Bagan, Myanmar

Beautiful Bagan – pagodas, balloons, and sunsets

Known as one of the world’s greatest archaeological sites, the reason to visit Bagan is for the pagodas.  There are thousands of them, seemingly dotted at random over a 26 square mile radius.  Over 2000 pagodas remain, however originally there were nearly 4500 built by kings in the 11th and 13th centuries.  Catholics go to confession, Buddhists build a pagoda to win favours in the next life.  It’s really an incredible sight, pagodas as far as the eye can see.  Surprisingly, it was not as thick with tourists as I expected.  Well not compared to my visits to Machu Picchu or Angkor Wat anyhow.

Bagan, Myanmar

Bagan, Myanmar

Bagan, Myanmar

Bagan, Myanmar

The pagodas are in various states of disrepair.  Some have been renovated over the years, some still have the beautiful original stucco, while others are crumbling, with scattered bricks lying about the ruins.  Sadly there is quite a bit of damage following the recent earthquake in August 2016. On a couple of occasions I could see huge cracks above me in the arch ways as you entered the temples.

Bagan, Myanmar

Earthquake damage

Bagan, Myanmar

Our hotel was located in old Bagan, so perfectly placed for exploring.  We were basically right next door to the Ananda temple, built in 1091.  So close in fact that the hotel provided earplugs for the upcoming festival, which luckily we missed by a day.  We had a guide and a driver, however one afternoon we took a horse and cart to explore the dusty laneways to the pagodas, which was fun.  We didn’t take an e-bike (an electronic scooter) but that looked even more fun and was very popular.

Bagan, Myanmar

Views from the horse and cart

Bagan, Myanmar

Horse and cart ride

Bagan, Myanmar

Bagan traffic

One of the best ways to see the pagodas, and a highlight for me, is in a hot air balloon.  Up before dawn, we were collected in a rickety old bus and made our way excitedly towards the launching spot.  With a departure as the sun rose, we floated serenely over an incredible landscape.  Thousands of pagodas stud a red earth, contrasting with lush green vegetation, framed by mountains, villages and the Ayeyarwady River (or Irrawaddy to the English).  It was spectacular, being one of 21 balloons floating peacefully above Bagan and peacefully viewing the pagodas from the air – really incredible.

Bagan, Myanmar

Balloons filled with air and ready to go!

Bagan, Myanmar

Getting ready for the balloon ride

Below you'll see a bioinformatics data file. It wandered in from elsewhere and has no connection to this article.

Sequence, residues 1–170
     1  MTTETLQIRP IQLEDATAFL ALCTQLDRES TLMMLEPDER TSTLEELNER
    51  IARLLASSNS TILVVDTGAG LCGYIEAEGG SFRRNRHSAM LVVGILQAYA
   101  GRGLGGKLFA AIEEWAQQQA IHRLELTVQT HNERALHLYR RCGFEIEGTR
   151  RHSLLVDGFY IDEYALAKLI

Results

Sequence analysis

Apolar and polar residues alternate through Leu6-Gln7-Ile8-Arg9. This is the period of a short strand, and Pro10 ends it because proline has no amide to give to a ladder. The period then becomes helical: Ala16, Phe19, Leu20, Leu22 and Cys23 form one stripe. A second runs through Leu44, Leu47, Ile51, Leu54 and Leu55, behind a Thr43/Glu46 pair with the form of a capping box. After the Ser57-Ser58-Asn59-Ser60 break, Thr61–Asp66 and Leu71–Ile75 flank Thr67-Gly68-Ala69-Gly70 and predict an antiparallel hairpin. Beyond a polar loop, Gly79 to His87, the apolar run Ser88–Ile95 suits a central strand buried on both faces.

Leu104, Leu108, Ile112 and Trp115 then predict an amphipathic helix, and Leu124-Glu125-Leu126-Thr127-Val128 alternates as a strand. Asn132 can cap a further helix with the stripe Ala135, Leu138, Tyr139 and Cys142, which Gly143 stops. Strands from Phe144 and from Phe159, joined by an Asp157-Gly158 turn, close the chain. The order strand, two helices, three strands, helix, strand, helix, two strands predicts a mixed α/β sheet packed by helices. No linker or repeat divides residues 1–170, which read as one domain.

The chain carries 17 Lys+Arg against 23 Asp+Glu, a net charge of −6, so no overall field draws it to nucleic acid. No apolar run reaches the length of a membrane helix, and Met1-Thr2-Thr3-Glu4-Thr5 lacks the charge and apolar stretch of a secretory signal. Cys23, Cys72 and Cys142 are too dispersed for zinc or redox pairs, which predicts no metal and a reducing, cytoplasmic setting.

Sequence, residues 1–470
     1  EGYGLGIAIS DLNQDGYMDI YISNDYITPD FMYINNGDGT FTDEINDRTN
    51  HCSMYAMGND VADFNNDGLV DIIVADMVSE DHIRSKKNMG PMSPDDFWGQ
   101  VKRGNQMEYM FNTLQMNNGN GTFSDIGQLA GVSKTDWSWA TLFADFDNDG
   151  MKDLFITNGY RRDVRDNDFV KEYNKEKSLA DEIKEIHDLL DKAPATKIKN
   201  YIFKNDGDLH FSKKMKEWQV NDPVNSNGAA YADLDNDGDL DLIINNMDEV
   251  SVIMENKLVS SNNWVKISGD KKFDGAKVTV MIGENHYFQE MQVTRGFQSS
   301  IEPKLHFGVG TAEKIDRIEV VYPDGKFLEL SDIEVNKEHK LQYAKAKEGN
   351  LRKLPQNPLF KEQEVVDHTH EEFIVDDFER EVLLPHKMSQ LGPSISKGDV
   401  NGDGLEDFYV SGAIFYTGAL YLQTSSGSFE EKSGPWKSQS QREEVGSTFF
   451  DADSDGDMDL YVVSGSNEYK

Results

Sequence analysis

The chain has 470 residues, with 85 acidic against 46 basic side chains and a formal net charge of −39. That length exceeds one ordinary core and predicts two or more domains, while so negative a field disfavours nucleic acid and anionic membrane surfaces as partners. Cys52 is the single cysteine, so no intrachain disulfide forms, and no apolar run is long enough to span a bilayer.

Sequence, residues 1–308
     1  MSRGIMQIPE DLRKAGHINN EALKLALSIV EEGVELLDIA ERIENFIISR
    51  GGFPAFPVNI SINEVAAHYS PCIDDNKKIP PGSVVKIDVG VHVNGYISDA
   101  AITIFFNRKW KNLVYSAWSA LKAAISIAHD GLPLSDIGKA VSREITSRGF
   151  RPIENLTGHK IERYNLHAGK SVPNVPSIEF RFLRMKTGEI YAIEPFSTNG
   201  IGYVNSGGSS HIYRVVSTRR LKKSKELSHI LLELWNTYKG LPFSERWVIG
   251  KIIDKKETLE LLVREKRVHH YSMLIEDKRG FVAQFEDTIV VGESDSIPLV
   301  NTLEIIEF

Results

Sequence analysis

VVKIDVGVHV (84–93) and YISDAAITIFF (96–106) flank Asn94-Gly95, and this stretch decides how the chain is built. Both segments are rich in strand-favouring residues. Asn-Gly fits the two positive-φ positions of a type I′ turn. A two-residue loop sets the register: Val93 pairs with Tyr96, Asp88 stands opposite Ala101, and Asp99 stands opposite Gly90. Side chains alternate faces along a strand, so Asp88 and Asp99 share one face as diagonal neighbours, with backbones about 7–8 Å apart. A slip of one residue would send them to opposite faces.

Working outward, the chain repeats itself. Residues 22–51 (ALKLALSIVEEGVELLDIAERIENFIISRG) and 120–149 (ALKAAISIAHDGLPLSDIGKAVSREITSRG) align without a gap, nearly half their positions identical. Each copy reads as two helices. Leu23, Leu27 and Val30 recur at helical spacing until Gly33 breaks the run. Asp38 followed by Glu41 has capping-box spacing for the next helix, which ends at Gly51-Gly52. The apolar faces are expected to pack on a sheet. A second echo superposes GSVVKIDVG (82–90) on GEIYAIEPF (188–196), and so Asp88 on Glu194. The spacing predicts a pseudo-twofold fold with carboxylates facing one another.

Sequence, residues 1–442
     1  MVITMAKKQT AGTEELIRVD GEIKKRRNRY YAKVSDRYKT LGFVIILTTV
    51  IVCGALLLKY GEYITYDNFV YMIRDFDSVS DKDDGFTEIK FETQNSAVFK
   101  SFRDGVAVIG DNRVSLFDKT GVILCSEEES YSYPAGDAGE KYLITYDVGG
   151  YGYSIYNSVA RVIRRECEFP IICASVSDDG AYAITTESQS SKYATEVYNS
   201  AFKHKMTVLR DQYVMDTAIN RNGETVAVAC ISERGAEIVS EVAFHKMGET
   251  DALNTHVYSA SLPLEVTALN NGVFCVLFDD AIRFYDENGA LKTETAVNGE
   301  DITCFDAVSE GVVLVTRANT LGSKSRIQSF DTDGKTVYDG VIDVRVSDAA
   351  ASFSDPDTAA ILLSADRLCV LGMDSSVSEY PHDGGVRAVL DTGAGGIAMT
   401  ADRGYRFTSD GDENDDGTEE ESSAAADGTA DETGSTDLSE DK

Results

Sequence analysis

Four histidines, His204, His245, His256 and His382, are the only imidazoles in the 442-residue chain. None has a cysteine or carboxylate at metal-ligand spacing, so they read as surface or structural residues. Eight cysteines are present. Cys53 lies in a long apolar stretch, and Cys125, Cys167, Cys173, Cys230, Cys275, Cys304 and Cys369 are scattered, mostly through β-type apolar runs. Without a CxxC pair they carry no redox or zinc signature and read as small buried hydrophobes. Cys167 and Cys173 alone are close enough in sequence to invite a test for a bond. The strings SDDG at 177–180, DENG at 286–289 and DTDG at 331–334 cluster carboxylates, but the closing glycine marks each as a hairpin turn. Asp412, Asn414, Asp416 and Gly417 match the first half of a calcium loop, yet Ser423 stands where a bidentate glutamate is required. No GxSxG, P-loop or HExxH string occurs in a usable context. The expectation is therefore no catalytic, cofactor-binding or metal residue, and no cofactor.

Bagan, Myanmar

Up, up and away

Bagan, Myanmar

Beautiful sunrise

Bagan, Myanmar

Bagan, Myanmar

The shadow of the balloon

At the other end of the day, the sunsets were incredible.  The colour of the skies graduate through shades of deep red, soft pink, vivid purple. Really beautiful and very special – those memories will sustain me through the long working days ahead!

Bagan, Myanmar

Spectacular sunset

Bagan, Myanmar

Magnificent sunset

Bagan, Myanmar

Dusk, Bagan

Bagan, Myanmar

Dusk, Bagan

Bagan, Myanmar

Watching the sunset

But it wasn’t all about the temples and pagodas.  We took a cruise up the Irrawaddy, visiting local villages (and a few more temples!).  However I was particularly taken with our visit to the lacquerware factory, which was surprisingly interesting.  We got a brief introduction to the process of making lacquerware and then we could wander around the factory watching people at work.  Of course it then lead to the shop – but there was no hard sell at all.

Bagan, Myanmar

Cruising up the Irrawaddy River

Bagan, Myanmar

Views from the Irrawaddy River

Bagan, Myanmar

Heading up the Irrawaddy

Everything in the factory was completely manual and incredibly time consuming.  The lovely Burmese factory owner told us that each lacquer layer is fired, and there are 9 layers.  This means a simple bowl is fired 18 times – 9 layers on the inside and 9 on the outside.  The whole process takes days if not weeks, depending on whether there are additional colours and designs.  He said proudly that it was completely safe in hot water, which prompted me to ask if it was dishwasher safe.  He smiled sweetly and said, “I do not know, I have never seen one.”  I think that sums up the manual nature of absolutely everything in Myanmar!

Bagan is a once in a lifetime experience and if you ever get a chance to go you should, it’s incredible.  You won’t get to see all 2000 or so pagodas (it will only feel like it some days!).
Bagan, Myanmar

Bagan, Myanmar

Celestial beings

Bagan, Myanmar

Beautiful Bagan

Bagan, Myanmar

Bagan, Myanmar

Bagan, Myanmar

Bagan, Myanmar

 

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